With compound adjectives formed from the adverb well and a participle (e.g. well-known), or from a phrase (e.g. up-to-date), you should use a hyphen when the compound comes before the noun:


well-known brands of coffee

an up-to-date account


but not when the compound comes after the noun:


His music was also well known in England.

Their figures are up to date.


It’s important to use hyphens in compound adjectives describing ages and lengths of time: leaving them out can make the meaning ambiguous. For example, 250-year-old trees clearly refers to trees that are 250 years old, while 250 year old trees could equally refer to 250 trees that are all one year old.


Compound verbs


Use a hyphen when a compound formed from two nouns is made into a verb, for example:


noun verb
an ice skate to ice-skate
a booby trap to booby-trap
a spot check to spot-check
a court martial to court-martial



Phrasal verbs


You should NOT put a hyphen within phrasal verbs – verbs made up of a main verb and an adverb or preposition. For example:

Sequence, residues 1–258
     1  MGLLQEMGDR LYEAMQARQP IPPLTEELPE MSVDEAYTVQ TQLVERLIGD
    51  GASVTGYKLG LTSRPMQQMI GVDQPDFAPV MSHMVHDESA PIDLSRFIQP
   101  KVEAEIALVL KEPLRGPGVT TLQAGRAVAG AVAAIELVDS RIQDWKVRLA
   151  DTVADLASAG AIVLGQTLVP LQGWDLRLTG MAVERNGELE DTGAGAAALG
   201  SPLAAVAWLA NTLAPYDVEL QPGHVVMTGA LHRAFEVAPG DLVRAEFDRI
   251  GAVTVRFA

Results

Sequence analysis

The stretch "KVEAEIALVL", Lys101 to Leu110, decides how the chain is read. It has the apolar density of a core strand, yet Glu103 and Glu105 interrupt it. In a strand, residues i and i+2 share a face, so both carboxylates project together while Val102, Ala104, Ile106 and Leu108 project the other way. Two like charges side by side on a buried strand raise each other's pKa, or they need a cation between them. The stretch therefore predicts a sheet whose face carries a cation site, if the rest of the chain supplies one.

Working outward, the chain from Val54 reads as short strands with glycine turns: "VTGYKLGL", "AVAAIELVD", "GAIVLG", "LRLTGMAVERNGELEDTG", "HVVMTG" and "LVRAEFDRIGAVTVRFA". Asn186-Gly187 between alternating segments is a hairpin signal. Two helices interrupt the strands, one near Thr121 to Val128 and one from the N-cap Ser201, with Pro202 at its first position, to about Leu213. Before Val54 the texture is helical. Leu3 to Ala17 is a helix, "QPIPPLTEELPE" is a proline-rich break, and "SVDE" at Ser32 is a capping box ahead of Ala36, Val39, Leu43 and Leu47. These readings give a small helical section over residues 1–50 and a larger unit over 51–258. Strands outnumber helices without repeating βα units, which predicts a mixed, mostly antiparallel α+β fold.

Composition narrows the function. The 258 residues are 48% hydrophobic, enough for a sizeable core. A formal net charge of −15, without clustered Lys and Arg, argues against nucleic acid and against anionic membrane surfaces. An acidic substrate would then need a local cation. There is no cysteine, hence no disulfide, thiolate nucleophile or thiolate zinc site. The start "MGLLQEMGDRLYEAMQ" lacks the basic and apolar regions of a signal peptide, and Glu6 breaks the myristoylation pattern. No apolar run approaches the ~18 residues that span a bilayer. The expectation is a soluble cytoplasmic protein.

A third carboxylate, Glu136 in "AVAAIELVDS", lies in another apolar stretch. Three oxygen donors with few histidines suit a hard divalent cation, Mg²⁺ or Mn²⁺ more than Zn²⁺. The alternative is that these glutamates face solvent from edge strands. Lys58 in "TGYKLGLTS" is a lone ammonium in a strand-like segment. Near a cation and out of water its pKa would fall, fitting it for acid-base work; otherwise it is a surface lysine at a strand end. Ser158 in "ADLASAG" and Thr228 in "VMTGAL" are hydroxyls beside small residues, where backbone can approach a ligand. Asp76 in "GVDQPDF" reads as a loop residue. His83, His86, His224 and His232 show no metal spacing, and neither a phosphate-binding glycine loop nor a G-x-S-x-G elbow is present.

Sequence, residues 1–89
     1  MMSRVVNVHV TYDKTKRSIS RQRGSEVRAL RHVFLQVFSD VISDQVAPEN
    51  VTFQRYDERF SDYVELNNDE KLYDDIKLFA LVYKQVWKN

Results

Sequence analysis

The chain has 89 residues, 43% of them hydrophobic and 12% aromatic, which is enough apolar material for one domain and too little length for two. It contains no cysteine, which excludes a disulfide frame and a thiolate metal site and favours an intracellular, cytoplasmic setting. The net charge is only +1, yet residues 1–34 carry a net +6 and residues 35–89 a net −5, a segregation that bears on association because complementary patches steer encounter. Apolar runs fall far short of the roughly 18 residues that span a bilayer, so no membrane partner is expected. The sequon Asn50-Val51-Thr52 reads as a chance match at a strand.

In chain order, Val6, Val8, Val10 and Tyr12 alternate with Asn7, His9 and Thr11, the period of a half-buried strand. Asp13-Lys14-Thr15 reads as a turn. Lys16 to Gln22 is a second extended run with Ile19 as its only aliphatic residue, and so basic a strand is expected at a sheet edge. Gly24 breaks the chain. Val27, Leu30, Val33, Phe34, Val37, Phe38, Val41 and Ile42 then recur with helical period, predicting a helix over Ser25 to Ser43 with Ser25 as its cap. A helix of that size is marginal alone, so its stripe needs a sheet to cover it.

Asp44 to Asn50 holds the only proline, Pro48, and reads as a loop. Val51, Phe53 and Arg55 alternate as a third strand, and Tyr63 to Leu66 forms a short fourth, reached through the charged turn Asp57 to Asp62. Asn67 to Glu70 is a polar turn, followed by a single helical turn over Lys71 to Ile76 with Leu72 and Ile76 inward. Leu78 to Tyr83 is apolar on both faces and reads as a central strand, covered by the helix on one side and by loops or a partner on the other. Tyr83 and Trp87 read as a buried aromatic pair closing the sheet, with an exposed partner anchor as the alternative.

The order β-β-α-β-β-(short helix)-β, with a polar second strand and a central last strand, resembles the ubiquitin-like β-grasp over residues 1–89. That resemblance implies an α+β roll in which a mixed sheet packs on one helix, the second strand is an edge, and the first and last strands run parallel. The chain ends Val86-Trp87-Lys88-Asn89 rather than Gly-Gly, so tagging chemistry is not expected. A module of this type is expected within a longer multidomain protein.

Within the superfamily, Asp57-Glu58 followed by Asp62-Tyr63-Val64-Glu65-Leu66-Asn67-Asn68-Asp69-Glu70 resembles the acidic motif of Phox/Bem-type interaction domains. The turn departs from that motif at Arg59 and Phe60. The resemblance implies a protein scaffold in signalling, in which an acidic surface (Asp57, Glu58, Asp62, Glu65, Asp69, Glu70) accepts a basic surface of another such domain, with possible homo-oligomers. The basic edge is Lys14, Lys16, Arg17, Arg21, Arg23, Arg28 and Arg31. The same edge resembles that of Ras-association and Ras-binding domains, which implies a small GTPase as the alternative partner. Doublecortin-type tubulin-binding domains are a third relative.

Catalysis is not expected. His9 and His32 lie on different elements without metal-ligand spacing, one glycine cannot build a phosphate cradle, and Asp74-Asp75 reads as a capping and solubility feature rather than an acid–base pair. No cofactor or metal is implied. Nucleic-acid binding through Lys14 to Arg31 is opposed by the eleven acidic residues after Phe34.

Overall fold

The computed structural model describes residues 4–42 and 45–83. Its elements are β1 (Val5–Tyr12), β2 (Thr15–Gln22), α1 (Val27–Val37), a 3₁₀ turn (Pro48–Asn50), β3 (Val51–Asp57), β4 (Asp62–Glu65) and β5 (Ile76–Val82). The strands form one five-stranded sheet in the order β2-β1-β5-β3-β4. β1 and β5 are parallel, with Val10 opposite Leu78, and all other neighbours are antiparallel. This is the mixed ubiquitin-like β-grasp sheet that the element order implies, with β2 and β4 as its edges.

Phrasal verb Example
build up You should continue to build up your pension.
break in They broke in by forcing a lock on the door.
stop off We stopped off in Hawaii on the way home.


If a phrasal verb is made into a noun, though, you SHOULD use a hyphen:


Noun Example
build-up There was a build-up of traffic on the ring road.
break-in The house was unoccupied at the time of the break-in.
stop-off We knew there would be a stop-off in Singapore for refuelling.



Compound nouns


A compound noun is one consisting of two component nouns. In principle, such nouns can be written in one of three different ways:


one word two words hyphenated
aircrew air crew air-crew
playgroup play group play-group
chatroom chat room chat-room


In the past, these sorts of compounds were usually hyphenated, but the situation is different today. The tendency is now to write them as either one word or two separate words. However, the most important thing to note is that you should choose one style and stick to it within a piece of writing. Don’t refer to a playgroup in one paragraph and a play-group in another.